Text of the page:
When I was a wee fashionista I ironed patches onto my jeans. Nothing that took too much deliberation, it was basically a mess of all the things I felt a deep connection to: soccer balls, cupcakes, hotdogs, and the “oh snap” phrase. Essentially my pants were covered in emojis.
I am ecstatic to announce that the art of pasting inanimate objects onto clothing is back and is slightly more regal than my Limited Too-clad 11 year old self.
Similar to the high-low contrast, the juxtaposition of classic and cartoonish is severely refreshing. While it may seem to be an easy fix to sartorial boredom- like, hey, lets spice up this blazer with an appliqué watermelon, it is so much more.
Illustrations, cartoons, and pop culture references are nostalgic, relevant, and thought-provoking. Sarah Burton for Alexander McQueen featured whimsical butterflies, horses, and timepieces on structured trench coats and leather dresses. A mix of reality and fantasy. A quick acid trip during a structured 9-5 life.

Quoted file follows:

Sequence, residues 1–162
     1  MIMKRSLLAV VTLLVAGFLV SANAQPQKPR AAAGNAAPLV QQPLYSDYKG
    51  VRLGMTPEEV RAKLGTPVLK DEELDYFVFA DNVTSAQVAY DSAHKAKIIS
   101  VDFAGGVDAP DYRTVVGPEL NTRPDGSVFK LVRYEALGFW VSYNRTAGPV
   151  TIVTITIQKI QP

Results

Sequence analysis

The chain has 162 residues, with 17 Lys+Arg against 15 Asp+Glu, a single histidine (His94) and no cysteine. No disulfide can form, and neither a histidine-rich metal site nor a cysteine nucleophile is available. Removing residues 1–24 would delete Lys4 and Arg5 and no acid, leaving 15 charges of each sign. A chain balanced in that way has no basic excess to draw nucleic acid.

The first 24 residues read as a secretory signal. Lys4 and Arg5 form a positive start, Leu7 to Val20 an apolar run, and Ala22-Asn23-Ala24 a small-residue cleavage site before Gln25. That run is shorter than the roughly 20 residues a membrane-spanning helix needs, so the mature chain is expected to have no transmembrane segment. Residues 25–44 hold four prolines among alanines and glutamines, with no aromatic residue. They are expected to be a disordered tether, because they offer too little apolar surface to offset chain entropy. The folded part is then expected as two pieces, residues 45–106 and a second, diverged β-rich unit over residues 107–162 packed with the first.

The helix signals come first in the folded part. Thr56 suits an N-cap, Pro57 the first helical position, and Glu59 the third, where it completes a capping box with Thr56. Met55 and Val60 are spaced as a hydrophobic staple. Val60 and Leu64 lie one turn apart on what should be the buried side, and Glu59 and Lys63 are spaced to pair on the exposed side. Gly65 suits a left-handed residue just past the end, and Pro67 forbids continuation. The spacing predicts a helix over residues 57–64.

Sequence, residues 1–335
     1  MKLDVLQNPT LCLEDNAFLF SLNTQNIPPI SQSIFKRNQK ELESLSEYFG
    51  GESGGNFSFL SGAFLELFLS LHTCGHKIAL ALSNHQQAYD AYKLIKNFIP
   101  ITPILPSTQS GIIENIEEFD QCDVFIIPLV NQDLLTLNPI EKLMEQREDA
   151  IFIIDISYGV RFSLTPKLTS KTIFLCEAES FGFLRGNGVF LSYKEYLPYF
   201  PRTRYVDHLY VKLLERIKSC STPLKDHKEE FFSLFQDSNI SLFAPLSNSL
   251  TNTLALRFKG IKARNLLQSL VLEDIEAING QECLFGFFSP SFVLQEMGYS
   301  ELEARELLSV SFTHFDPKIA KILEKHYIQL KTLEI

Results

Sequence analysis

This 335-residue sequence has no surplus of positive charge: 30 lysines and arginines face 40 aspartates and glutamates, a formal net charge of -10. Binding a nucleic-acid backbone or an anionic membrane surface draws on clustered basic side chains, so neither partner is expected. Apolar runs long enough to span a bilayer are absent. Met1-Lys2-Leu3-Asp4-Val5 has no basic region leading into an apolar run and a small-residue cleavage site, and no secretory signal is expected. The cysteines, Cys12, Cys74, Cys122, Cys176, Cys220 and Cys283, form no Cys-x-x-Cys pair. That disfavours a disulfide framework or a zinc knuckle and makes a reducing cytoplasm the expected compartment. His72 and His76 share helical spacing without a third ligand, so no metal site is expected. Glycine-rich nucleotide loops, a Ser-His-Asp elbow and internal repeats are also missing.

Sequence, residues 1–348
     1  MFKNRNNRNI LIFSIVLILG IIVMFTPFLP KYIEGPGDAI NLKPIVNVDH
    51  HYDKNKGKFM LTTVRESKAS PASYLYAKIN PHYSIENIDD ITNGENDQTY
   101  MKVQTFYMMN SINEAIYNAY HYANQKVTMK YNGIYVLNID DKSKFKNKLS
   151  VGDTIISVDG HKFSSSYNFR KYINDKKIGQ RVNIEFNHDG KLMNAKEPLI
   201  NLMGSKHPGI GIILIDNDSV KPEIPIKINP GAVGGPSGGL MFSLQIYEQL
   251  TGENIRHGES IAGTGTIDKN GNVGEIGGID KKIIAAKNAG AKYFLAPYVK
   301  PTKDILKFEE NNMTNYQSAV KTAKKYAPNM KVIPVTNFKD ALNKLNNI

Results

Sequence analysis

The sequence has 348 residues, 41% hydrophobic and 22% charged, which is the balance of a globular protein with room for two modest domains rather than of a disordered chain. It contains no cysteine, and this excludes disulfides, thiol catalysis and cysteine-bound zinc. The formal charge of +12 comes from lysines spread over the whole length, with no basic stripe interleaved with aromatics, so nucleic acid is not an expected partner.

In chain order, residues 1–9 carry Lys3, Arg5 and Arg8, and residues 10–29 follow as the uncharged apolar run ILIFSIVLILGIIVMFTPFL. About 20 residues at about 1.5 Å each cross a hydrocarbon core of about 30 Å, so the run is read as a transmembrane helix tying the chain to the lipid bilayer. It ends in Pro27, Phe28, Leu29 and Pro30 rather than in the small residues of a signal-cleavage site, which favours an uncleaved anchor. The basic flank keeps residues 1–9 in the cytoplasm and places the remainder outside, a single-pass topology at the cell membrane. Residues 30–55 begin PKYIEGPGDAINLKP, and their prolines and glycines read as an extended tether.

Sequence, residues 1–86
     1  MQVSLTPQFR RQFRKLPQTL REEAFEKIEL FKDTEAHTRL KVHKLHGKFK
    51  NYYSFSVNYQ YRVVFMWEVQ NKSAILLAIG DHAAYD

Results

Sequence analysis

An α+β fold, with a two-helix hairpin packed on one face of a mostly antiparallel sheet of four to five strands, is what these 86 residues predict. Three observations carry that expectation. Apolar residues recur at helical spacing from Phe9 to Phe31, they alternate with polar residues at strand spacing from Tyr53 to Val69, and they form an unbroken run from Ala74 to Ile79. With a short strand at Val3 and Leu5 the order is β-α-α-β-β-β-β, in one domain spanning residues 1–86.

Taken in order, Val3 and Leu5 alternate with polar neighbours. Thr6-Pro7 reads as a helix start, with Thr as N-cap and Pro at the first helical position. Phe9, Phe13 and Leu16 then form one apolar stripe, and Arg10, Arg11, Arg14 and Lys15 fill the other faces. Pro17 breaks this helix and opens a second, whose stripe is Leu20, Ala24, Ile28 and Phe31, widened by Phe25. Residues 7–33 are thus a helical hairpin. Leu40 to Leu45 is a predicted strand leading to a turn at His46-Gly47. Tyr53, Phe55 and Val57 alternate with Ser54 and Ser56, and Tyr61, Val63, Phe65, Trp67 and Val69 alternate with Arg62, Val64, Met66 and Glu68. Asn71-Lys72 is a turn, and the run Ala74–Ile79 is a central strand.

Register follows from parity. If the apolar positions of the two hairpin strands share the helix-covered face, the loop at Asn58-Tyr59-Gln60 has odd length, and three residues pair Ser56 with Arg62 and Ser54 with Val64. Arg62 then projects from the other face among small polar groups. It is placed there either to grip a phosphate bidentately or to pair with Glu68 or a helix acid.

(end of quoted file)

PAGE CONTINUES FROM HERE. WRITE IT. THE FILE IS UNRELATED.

Jeremy Scott, who is fearless when it comes to his pop culture adaptations, adopted this trend by adorning an LBD with a plethora of cigarette-clad red lips. A sassy interpretation of a timeless classic with an instant mood-inducing effect.
It’s obvious, obnoxious, and stunning. My favorite stylistic approach to this trend is when objects are intertwined, connected to, and almost melt into one another resulting in an optical illusion of a pleasing textured aesthetic from afar and a whimsical garden scene when viewed up close.
I think it’s the ability to put whatever we damn well please on our bodies that is so refreshing. We can make it bold and conspicuous or it can be applied artfully. Regardless, I will be wearing sloth-themed clothing for the rest of the season. Oh snap!
Jeremy Scott Fall 2016 Ready-To-WearJeremy Scott Fall 2016 Ready-To-WearAlexander McQueen by Sarah Burton Fall 2016 Ready-To-WearAlexander McQueen by Sarah Burton Fall 2016 Ready-To-Wear TheSartorialist.com